Unless you found the fortunate niche market where you just have to grow a load of flowers and drop off to a buyer, then go back to the field and do what you like to do, you have to either possess or learn marketing expertise. And unless you’re the rare individual with the capability to both grow and sell, you’ll need a partner or employee to do the thing you don’t do well. And there the clash begins…
If you’re already in a relationship with your partner, any fracture or rough spot that already exists between you will just be accentuated. If she’s methodical and you cut corners, there’s a fight; if he’s precise and slow and you’re a just-get-it-done person, there’s an argument; on and on it goes. Spouse or friend, another person’s bound to generate friction at the workplace—we’re not machines, there’s just one model of each of us that never fits everything or anyone perfectly, and the likelihood of every action moving in tandem rather than at least occasionally ending in conflict is infinitesimal. All you can do is limit the damage by A) avoiding contact, B) capitulating to the other, or C) overwhelming the other. Oh, and there’s one other way: both of you adjusting.
You can avoid contact by limiting the sphere of your influence. You be the grower, he can be the marketer, or vice versa. Don’t get in his business and he won’t get in yours—make sure it works that way for both of you. There’s still going to be contact points where product flows from the field to sales, but he won’t be telling you how to grow and you won’t be telling him how to sell. This works primarily because the grower knows what’s going on in the field and the marketer knows what’s going on with the clients, and while either may know better how to do specific things in the other’s realm, the everyday aspects of your work on the farm evade the other’s direct knowledge (and vice versa).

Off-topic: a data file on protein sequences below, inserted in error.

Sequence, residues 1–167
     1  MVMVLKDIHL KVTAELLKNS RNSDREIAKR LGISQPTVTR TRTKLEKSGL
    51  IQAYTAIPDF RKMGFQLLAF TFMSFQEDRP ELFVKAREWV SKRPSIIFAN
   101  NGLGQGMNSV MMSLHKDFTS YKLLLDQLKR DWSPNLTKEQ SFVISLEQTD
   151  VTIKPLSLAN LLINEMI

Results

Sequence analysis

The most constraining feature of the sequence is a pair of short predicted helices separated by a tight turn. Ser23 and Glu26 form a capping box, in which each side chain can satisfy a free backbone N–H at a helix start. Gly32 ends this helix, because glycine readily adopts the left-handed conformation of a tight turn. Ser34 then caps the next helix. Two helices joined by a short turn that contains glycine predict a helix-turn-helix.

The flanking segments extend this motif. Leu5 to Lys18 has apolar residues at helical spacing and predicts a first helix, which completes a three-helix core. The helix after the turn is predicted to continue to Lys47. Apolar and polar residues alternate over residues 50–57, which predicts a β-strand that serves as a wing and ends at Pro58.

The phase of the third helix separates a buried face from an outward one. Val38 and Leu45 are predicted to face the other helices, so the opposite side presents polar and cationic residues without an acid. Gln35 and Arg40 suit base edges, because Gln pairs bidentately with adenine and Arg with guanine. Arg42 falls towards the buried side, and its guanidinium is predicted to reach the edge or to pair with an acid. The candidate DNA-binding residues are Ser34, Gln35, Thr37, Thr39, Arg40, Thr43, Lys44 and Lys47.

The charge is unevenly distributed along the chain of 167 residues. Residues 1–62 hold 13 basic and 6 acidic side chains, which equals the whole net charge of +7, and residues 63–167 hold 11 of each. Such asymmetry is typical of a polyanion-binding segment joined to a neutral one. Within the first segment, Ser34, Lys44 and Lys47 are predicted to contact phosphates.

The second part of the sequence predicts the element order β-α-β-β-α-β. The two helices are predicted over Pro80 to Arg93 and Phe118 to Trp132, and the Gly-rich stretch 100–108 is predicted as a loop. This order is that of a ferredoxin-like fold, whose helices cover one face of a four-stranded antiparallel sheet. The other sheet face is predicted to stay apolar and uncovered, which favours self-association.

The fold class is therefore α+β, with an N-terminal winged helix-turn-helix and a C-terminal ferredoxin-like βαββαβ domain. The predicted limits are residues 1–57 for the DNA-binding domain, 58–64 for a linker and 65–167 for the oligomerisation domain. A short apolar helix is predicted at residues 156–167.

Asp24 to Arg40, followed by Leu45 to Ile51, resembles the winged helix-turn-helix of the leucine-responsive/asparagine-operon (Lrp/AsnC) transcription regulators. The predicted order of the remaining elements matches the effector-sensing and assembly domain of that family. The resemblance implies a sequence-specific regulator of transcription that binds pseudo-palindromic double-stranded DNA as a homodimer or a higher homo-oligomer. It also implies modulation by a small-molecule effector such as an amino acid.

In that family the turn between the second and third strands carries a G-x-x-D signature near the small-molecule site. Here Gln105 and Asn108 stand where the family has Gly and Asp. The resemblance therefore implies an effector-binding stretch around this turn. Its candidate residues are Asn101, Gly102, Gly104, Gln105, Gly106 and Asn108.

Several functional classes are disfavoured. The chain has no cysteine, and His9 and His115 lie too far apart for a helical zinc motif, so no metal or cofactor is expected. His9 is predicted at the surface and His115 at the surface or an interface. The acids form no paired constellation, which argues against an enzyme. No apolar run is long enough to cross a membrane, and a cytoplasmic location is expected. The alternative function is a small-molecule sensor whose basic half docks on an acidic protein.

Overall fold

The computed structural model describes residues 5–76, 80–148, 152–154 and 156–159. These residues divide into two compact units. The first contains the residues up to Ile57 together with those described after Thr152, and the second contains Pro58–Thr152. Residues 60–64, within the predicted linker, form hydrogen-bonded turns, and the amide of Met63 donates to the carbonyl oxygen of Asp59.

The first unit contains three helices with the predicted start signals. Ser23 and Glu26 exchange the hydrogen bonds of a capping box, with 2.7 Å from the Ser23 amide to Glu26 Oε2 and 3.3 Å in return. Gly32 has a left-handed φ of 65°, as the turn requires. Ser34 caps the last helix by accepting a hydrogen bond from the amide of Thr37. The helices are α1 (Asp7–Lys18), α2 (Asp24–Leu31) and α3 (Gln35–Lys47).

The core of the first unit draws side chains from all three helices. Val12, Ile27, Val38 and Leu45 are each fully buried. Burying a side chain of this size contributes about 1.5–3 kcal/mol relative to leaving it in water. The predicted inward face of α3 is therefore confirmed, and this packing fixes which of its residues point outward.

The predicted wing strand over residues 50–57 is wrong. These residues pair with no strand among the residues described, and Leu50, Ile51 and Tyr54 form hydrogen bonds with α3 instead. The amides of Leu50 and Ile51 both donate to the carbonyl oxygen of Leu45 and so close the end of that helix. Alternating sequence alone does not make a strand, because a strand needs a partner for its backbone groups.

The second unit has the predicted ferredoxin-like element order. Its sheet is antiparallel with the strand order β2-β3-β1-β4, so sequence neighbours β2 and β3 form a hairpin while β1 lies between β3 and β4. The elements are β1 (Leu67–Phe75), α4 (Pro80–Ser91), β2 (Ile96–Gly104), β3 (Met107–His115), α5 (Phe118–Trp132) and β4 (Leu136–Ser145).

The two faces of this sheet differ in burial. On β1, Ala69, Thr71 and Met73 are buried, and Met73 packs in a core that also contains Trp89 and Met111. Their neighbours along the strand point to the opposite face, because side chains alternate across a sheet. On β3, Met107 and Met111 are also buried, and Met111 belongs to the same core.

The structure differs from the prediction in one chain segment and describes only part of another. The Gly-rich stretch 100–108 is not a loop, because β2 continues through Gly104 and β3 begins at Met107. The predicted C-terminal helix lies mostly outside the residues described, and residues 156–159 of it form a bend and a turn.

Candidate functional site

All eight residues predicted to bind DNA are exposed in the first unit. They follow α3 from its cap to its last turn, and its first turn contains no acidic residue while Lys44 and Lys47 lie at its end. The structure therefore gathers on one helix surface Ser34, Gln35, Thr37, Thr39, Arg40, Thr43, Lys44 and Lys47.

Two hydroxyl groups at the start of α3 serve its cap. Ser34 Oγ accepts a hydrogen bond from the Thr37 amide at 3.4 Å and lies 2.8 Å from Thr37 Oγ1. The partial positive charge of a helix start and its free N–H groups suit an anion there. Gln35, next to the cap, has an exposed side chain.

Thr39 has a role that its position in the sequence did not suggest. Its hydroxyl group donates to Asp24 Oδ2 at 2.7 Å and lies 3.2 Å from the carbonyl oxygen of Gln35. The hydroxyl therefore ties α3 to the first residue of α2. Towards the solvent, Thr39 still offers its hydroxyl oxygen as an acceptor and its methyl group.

There’s going to be building going on, and you’re probably going to disagree on how things should be built since you have different styles. The one doing the work gets to decide how it’s done since he/she’s spending the time, but the other can set ground rules, the limits on how sloppy the infrastructure in question can be, how aesthetically unpleasant, how quickly it must be done. The do-er needs to know these things upfront and agree to them, and the other needs to back out of the program while the work’s being done. Learn to keep your comments to yourself—it’s a virtue, you’ll find.